Lowering Your Risk

    If you buy a SPAC before acquisition news, these risks become less explosive to your proceeds. However, a SPAC can still tank before the merger gets complete. BuzzFeed and MoneyLion shares both dropped considerably after their completed SPAC mergers.

    The SEC has been looking into SPAC funding to prevent mistakes like the Nikola Motors SPAC. The SEC’s involvement increases safety while letting investors capitalize on the growth.

    Most SPACs give investors access to reliable companies in their early growth stages. However, SPACs come with a speculative nature. Some investments work out better than others.

    SPACs weren’t as safe in the 1990s. Foreign investors often took advantage of them to raise funds and deceive investors. The current players in the SPAC world have better intentions than their predecessors.

    If you invest in an asset like penny stocks , you’re probably used to speculation. Allocating a small percentage of your portfolio minimizes the downside.

    SPAC Share Dilution

    SPACs can issue more shares while looking for an acquisition target. Depending on the acquisition costs, SPACs may issue more shares to raise debt. These additional shares dilute supply and result in a short-term downward motion.

    If a SPAC trades at $13/share, and the company issues shares at $11/share, shares will fall to $11/share. This decline doesn’t immediately happen, and investors can get irrational.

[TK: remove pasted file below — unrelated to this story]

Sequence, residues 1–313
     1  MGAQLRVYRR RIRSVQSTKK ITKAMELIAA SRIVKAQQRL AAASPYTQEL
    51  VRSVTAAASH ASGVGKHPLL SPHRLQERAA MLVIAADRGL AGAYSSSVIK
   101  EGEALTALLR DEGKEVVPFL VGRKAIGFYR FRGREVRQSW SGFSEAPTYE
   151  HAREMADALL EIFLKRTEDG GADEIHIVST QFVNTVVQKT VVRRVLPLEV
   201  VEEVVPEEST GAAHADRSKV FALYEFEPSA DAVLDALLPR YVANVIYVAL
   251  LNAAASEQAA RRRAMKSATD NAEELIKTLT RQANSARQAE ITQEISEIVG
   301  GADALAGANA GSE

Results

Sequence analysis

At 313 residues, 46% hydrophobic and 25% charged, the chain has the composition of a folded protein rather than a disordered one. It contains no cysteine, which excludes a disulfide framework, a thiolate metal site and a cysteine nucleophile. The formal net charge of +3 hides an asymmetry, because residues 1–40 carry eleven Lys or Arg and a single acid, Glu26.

However, current shares gravitate towards the issued shares’ price point during dilution.

    SPACs will also issue more shares after warrants get exercised. These instances represent the primary reasons SPACs will issue more shares.

    Many company management teams practice share dilution. Companies take advantage of rising stock prices to raise more cash. They use this cash to fund projects and cover expenses.

    Share dilution results in short-term downward movement. However, the money raised from dilution can lead to future stock price appreciation.

    Ready to Invest in SPACs?

    You started this post wondering what are SPACs. When investors discover everything regarding how do SPACs work, they discover new opportunities. Now you know the entire story behind the SPAC boom.

    If you want to enter the SPAC craze and grow your portfolio, we can help.

    Check out our Investment Guide.

    Happy Investing!